“In short – who will archive cultures in the future – the state, corporations, or the public?”

This article both combines and extends some of my favorite things to mull….

Archiving cultures – Mike Featherstone

Borges Aleph

coupled to concepts found in such texts as these:

“The archive fever is to attempt to return to the lived origin, the everyday experience, which is the source of the imperfect and distorted memories which are our archives and whose transience and forgetting makes us uncomfortable”

-Jacques derrida-

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5 thoughts on ““In short – who will archive cultures in the future – the state, corporations, or the public?”

  1. It’s an interesting question… And how might we react to what we might today consider an unnatural exactness of detail around archival natures. NeverTheLess meaning, depth, authenticity, love, gratitude arise because they must, in spite of what we might postulate reviewing the current newsfeed, and these are what interpretations of culture are built upon. An addendum might be what should future cultures look like? … the place from which todays cultures will be reviewed.

  2. Interpretations of culture (by whom?) are based on “meaning, depth, authenticity, love and gratitude”…are there not multiple interpretations of culture – “civilization” economy, event-orientation (history), and so on? I would love for culture to be defined by meaning, depth, authenticity and so on, but think that might be a slice of interpretive criteria? I’d love to hear a preliminary answer (by you) of what “SHOULD” future cultures look like? Again, my immediate response is more to predicate on trends and guess what they MIGHT look like given cultural elements of today’s culture…Whatever the complex combination of everything that continually formulates future culture (from which ours will be reviewed) – it seems important that we preserve ubiquitous artifacts whereby they can review? Wish I were near so we could trouble these things in dialogue 🙂 Thanks for commenting!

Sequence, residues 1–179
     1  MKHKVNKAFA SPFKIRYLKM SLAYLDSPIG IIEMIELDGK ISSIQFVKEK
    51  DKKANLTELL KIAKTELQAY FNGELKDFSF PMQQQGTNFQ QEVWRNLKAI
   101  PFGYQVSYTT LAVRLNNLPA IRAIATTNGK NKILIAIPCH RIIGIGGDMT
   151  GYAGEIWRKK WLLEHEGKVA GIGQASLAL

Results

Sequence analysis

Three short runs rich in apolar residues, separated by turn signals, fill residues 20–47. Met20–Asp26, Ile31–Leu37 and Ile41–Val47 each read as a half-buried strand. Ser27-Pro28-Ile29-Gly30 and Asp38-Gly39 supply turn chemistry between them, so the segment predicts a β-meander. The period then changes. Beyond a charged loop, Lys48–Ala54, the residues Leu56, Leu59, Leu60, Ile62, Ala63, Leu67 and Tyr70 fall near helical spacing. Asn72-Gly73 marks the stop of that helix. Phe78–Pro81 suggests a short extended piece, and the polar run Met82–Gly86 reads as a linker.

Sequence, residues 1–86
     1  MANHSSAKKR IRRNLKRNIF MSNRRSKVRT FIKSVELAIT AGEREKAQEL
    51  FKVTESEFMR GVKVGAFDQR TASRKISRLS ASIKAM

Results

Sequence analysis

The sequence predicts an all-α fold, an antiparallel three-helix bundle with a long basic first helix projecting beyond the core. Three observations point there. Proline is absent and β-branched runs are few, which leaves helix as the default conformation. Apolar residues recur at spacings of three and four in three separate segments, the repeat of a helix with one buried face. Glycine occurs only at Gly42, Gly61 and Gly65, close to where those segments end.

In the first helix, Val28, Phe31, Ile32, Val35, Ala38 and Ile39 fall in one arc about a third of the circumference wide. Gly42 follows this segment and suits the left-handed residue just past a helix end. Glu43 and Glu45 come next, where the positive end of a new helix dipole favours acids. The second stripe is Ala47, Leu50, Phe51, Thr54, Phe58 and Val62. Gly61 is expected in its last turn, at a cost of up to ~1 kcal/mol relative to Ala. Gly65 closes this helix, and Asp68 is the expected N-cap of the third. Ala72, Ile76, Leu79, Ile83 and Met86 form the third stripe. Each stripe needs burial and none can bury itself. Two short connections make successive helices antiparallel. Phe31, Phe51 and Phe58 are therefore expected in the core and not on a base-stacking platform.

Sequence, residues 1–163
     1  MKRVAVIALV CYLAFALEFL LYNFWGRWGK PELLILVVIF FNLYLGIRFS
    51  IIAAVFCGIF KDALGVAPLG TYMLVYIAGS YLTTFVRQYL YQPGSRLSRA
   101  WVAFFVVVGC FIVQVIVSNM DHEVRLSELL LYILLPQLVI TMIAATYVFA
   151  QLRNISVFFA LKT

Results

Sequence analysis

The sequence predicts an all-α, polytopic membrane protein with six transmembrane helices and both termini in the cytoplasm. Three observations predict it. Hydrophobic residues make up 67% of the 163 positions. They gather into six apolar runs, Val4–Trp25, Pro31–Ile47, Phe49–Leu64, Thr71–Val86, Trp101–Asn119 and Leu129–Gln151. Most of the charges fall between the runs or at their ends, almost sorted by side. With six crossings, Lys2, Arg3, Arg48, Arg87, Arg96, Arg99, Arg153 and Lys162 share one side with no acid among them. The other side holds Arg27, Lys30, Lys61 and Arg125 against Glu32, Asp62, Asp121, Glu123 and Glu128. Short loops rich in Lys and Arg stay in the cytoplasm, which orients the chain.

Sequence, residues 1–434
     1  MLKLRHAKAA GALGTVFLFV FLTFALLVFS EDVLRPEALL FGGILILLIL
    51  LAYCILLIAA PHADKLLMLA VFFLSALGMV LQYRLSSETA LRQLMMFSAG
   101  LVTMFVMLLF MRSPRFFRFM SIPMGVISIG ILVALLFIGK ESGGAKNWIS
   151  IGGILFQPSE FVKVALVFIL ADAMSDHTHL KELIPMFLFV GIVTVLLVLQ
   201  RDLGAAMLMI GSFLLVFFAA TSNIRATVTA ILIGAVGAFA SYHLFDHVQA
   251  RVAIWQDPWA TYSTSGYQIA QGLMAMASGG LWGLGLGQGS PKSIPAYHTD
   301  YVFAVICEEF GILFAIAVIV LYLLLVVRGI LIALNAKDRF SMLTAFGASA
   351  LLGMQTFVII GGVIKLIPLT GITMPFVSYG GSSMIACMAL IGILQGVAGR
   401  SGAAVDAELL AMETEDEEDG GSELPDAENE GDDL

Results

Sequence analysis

3. vonfranklin

    It definitely is a slice of interpretive criteria, but I think that the nature of the question precludes the possibility of any other kind of answer … No?

    What we would consider important artifacts for the interpretation of us culturally … probably wont be, and rather like reviewing Incan vases, it will be some other component that we tossed, or like the Egyptians something that we never wanted revealed that will define us culturally from that future perspective.

    Perhaps we should focus less on what to preserve for the future and more on what we should care about and how we should live now … change the trajectory of our “cultural elements of today”.

    In the end my suspicion is that the things we care about will be our cultural eulogy … it’s what I hope … even if it turns out that what we care about is “dancing with the stars” and McDonalds there would be a kind of cosmic justice in that.

    I would like for us to be closer too … it’s hard for me to dialogue without intimacy. Nice to chat with you though.

"A word is a bridge thrown between myself and an other - a territory shared by both" - M. Bakhtin

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